Bagels:  Not available right around the corner, unfortunately.
Parchment paper, aluminum foil, soda water, decent non-sweet cheese, unsalted butter, and-- my personal favorite--cream cheese.  There's a local Chinese brand here that makes a great cream cheese, and say what you may about the safety of Chinese dairy, I'll risk it if it means I can sink my teeth into that creamy, buttery, sour tart goodness that is cream cheese.  (By the looks of it, if the food here hasn't severely harmed my health by now, then I'm probably good to go.  At least, until I grow a third eye or my urine becomes radioactive, or something.)

Contrary to what the brand may state, the cream cheese is not "suki."  Haha.
Finding cream cheese, of course, means that bagels must also be found.  Let me tell you something about Chinese bread.  Well, it sucks.  It's full of air, with absolutely no nutritional value.  So I set out to make my own bagels.  One recipe I used came from Budget Bytes, which is much faster and yields a decent crop of bagels.  The other recipe was a combination of one for Sourdough Bagels from one of my favorite cooking blogs, Chocolate and Zucchini, and another recipe from my other favorite cooking blog, Smitten Kitchen.  Both cite the same recipe from Peter Reinhart's book The Bread Baker's Apprentice, with their own personal tweaks.  The latter recipe requires a sponge to be made, then the dough to be proofed overnight, then the bagels are shaped, boiled, then baked.  If you don't know what that means, that's okay, most people don't.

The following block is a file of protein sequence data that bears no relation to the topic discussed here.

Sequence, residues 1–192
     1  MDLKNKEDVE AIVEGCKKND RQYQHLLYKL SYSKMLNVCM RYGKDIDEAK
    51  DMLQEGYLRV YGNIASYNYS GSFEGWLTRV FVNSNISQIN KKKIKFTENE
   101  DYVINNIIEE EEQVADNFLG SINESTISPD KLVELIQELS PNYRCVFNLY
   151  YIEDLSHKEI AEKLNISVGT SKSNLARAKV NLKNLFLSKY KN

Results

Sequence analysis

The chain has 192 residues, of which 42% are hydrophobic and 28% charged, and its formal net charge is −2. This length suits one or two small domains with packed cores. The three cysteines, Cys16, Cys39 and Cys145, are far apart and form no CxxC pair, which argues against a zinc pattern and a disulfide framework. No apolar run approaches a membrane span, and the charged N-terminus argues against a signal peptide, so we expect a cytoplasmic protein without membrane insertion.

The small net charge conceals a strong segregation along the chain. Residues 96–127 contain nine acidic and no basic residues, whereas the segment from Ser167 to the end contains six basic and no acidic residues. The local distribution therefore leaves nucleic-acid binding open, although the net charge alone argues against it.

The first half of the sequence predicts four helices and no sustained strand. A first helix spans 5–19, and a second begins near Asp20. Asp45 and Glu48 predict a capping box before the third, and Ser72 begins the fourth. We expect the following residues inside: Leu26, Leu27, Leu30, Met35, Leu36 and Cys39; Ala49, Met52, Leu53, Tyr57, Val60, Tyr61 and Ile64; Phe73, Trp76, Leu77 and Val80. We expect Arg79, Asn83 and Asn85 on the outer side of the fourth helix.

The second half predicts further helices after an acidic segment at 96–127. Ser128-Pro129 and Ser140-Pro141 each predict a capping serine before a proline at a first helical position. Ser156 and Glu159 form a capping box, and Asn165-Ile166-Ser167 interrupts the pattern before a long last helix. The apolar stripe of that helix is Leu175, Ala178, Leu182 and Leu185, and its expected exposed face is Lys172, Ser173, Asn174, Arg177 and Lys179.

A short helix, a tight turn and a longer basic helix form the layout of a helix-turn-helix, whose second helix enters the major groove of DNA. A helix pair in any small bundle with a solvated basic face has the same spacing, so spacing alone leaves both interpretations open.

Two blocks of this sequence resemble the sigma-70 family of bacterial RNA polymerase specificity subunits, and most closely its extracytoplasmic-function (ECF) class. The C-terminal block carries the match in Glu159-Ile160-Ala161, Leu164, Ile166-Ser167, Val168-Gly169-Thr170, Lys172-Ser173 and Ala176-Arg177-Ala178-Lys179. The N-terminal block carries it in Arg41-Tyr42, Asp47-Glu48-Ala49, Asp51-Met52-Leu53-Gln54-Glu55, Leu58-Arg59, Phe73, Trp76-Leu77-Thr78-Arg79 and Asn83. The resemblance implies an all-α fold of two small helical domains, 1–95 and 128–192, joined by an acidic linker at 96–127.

Top: Sponge for Peter Reinhart's Bagels fermenting.  Bottom: Budget Bytes bagel dough

Budget Bytes bagels after second rise
The final word is that work and time definitely pay off.  While the Budget Bytes recipe delivered nice, speedy results, they weren't as chewy on the outside and soft on the inside, the way bagels ought to be, and how I remember them.  That said, the work and time are quite an investment.  Between proofing the dough, shaping the bagels, letting them rest, boiling them, then baking them, I found myself wondering why I would go through such great lengths for just a taste of home.

Sesame Bagels straight out of the oven

All I can think of is this: I don't know when I'll be going "home" to America.  And to be extremely honest, I don't know where home is.  I wouldn't go so far as to say that China is my home, but I would say that living with the expectation and to want move on as quickly as I can to the next thing--simply because I'm not comfortable--is no way to live at all.  And so, even if it takes 24 hours of proofing and a few minutes of boiling and baking, we do our best to make a home here with what we have.

And in the meantime, I've also learned new things to add to this whole idea of what "home" is.  Like putting peanut butter and tomato slices on a toasted bagel.  Yeah, it sounds crazy, but you'd be surprised at how incredibly tasty it is!